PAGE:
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Tips to Protect Your Skin from Seasonal Changes

Tips to Protect Your Skin from Seasonal Changes: © Bernd Vogel / Corbis

© Bernd Vogel / Corbis

Your torso itches, your knuckles are cracked, and after months of clear sailing your complexion is suddenly stormy. In more ways than one, the onset of cold weather seriously screws with your hide.

Apart from the drop in humidity, autumn wind draws moisture from your skin, says Adam Friedman, MD, an associate professor of dermatology and residency program director at the George Washington University School of Medicine & Health Sciences. At the same time, you’re taking longer and hotter showers, your heating system is drying out the air in your place, and you’re obsessively washing your hands to ward off seasonal bugs. “All of these things combine to create the perfect recipe for dry skin,” Friedman says.

More bad news: Apart from feeling itchy and tight, the fissures that open between your desiccated skin cells create gaps for sickness-causing germs to burrow their way into your system, Friedman says. Dry air also sucks moisture from the mucous membranes in your nose, ears, and other orifices, rendering them less effective at blocking out microorganisms.

Meanwhile, your complexion suddenly sucks. Just as dryness allows germs to penetrate your hide, dirt and debris have an easier time sneaking into your skin. The inflammation dryness causes also leads to breakouts, Friedman says.


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photo courtesy of Walmart

While most doctors will tell you to scrub incessantly to prevent seasonal colds, overdoing it can actually increase your risks (for all the reasons mentioned above). That’s why Friedman recommends limiting your hand washing as much as possible. “Most soaps are basic, not acidic, so they shift the acid profile in our skin,” he says. That shift breaks down “the machinery” by which your skin turns over and regenerates, which exacerbates dryness.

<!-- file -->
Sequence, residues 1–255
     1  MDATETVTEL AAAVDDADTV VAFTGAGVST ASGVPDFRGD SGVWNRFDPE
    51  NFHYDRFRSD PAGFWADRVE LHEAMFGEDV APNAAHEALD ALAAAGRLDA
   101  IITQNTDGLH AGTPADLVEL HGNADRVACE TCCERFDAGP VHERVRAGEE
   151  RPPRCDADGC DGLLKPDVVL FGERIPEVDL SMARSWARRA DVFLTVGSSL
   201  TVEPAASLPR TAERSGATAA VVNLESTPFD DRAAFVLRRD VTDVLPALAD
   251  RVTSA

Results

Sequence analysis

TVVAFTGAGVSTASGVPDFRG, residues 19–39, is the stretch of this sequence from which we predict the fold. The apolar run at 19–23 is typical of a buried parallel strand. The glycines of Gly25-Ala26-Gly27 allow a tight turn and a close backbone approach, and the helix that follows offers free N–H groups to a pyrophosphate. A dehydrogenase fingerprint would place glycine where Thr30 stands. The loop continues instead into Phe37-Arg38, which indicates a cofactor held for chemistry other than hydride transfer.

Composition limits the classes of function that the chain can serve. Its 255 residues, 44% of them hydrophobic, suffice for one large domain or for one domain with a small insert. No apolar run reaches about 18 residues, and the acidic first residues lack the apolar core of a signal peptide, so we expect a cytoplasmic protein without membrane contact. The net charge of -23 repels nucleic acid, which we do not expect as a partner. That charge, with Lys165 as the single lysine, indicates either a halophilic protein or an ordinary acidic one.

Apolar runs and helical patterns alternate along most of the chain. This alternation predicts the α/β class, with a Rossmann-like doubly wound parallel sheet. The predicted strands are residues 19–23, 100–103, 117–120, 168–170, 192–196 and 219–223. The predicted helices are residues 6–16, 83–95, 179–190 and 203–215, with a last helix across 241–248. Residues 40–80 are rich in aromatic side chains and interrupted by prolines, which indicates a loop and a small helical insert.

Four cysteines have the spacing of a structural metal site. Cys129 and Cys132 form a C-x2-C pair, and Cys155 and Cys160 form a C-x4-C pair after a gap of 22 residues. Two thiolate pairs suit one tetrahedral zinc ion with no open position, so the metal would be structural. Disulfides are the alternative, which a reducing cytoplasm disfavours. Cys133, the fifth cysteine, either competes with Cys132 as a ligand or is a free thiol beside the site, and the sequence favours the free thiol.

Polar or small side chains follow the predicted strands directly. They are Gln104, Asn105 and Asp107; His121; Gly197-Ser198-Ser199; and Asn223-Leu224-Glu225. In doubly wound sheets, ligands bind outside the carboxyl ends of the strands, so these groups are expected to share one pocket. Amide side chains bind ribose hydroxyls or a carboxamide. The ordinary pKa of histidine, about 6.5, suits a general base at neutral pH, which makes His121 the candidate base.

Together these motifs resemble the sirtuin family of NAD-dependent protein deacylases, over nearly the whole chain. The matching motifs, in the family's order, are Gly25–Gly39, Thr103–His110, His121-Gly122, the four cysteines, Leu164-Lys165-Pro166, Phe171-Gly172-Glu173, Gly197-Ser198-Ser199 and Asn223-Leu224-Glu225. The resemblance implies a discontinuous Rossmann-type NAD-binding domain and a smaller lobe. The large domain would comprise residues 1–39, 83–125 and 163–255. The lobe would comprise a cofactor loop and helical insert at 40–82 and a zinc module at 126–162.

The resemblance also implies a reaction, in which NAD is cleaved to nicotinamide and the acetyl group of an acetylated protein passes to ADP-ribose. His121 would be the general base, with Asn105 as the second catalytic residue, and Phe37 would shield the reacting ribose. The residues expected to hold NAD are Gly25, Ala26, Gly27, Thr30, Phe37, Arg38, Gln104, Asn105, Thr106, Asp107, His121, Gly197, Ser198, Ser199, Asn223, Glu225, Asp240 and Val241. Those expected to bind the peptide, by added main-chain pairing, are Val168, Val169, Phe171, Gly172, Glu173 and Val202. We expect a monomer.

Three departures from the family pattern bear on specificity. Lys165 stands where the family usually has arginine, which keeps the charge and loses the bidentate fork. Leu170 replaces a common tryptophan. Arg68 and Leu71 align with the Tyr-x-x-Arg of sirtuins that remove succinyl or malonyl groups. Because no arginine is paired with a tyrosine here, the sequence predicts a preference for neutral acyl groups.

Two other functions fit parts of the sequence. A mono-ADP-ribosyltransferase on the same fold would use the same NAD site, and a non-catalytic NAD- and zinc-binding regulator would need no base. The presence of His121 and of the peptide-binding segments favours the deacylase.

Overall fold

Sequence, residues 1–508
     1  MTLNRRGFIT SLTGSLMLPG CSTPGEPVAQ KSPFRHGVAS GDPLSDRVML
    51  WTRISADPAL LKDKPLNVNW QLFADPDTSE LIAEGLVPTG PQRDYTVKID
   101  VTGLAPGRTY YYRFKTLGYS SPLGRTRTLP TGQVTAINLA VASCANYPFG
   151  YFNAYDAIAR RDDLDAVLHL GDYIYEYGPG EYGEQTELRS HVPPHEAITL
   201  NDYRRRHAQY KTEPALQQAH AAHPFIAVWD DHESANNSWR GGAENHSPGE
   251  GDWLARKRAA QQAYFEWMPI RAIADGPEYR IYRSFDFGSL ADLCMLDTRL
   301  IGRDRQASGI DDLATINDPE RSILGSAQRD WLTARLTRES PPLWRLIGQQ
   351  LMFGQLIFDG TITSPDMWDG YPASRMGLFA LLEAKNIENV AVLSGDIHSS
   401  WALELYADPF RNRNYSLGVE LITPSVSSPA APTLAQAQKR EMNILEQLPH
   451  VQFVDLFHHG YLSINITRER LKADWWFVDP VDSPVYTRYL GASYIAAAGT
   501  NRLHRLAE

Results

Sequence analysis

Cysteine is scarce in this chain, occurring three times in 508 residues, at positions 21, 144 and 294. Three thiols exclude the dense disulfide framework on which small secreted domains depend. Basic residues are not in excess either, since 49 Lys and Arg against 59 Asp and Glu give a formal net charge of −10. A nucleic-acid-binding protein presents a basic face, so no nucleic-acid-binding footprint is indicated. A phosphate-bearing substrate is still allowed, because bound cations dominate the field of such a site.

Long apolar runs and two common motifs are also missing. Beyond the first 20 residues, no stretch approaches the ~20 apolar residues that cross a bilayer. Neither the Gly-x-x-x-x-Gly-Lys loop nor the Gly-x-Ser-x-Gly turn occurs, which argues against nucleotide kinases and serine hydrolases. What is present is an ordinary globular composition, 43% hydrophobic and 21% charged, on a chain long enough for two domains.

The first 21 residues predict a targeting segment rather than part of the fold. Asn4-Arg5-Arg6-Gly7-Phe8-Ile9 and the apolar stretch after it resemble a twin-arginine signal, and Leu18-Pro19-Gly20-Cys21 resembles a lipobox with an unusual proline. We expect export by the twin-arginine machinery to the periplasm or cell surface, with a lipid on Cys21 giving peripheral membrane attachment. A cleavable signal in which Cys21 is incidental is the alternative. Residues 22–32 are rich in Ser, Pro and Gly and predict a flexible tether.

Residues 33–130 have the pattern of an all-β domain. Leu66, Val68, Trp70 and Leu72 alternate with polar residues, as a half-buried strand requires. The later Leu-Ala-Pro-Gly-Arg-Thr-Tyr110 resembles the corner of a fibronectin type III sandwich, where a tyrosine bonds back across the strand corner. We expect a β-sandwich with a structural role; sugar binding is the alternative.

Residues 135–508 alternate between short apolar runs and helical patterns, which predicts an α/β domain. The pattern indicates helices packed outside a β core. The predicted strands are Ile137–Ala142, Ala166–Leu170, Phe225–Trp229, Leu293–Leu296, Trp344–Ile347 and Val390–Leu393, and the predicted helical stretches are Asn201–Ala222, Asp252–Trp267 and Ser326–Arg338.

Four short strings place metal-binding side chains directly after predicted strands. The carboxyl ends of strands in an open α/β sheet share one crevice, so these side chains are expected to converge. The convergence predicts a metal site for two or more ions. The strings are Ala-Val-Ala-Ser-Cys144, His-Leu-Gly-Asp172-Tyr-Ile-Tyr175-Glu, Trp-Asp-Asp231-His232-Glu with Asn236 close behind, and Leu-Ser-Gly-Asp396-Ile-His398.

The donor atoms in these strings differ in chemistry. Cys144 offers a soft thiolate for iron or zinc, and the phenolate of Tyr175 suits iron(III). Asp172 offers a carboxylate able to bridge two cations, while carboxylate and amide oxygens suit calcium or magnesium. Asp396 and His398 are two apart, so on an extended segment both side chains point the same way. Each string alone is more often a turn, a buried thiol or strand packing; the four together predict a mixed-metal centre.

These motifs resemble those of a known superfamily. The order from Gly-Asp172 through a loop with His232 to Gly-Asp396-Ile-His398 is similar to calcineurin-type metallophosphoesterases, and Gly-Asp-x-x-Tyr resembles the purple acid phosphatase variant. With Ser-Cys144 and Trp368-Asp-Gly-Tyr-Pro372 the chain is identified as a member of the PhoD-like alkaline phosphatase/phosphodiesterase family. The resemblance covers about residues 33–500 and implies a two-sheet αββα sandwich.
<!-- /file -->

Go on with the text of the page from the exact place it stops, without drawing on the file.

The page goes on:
Despite the marketing claims, harsh antibacterial soaps are no more effective at protecting you from germs than regular soaps. A mild cleanser—something like Dove Sensitive Skin—will clean your hands just as thoroughly without the same risks of over-drying.

Friedman’s washing warnings also apply to acne sufferers. “A lot of men think they should wash their face more when they start breaking out, but that usually makes the problem worse,” he says. Clean your face just once a day with a mild cleanser, and you’ll avoid exacerbating the dryness issue.

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photo courtesy of Skinfo

Most people reach for moisturizer only when their skin hits an advanced stage of red, itchy misery. And when they do apply lotion, they rub it onto bone-dry skin. That’s the wrong way to go about things, Friedman says. You’ve heard an ounce of prevention is worth a pound of cure, and that maxim holds when it comes to your hide. By starting on moisturizer before your skin dries out, you’ll have a much simpler time keeping it hydrated, he says.

Also, always apply moisturizers to slightly damp skin. These creams are moisture retainers, not moisture creators, Friedman says. “Applying then to damp skin allows them to lock in that water,” he says. The time just after you wash your hands or jump out of the shower is a great opportunity to lube up.

Friedman recommends lotions from the big national brands—Aveeno, Eucerin, CeraVe, etc. “They have the money and resources to ensure their products are based on the biology of your skin, and work as advertised,” he says. When it comes to your face, always go with “non-comedogenic” moisturizers, which won’t block pores and cause breakouts.

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Photo courtesy of Amazon

Sleep is primetime for skin regeneration, Friedman says. It’s also a time when your hide is especially vulnerable. “We lose a lot of moisture while we sleep, because that’s when skin turns over,” he says. To combat this, he recommends sleeping with a humidifier close to your bed.

This is also a great time to address your cracked and itchy mitts. Friedman suggests soaking your hands for a minute or two in lukewarm water, coating the dry spots with Vaseline, and stretching on nitrile gloves ($11, “Sleep with those on once or twice a week,” he says. “If that doesn’t work, you need to see a dermatologist.”

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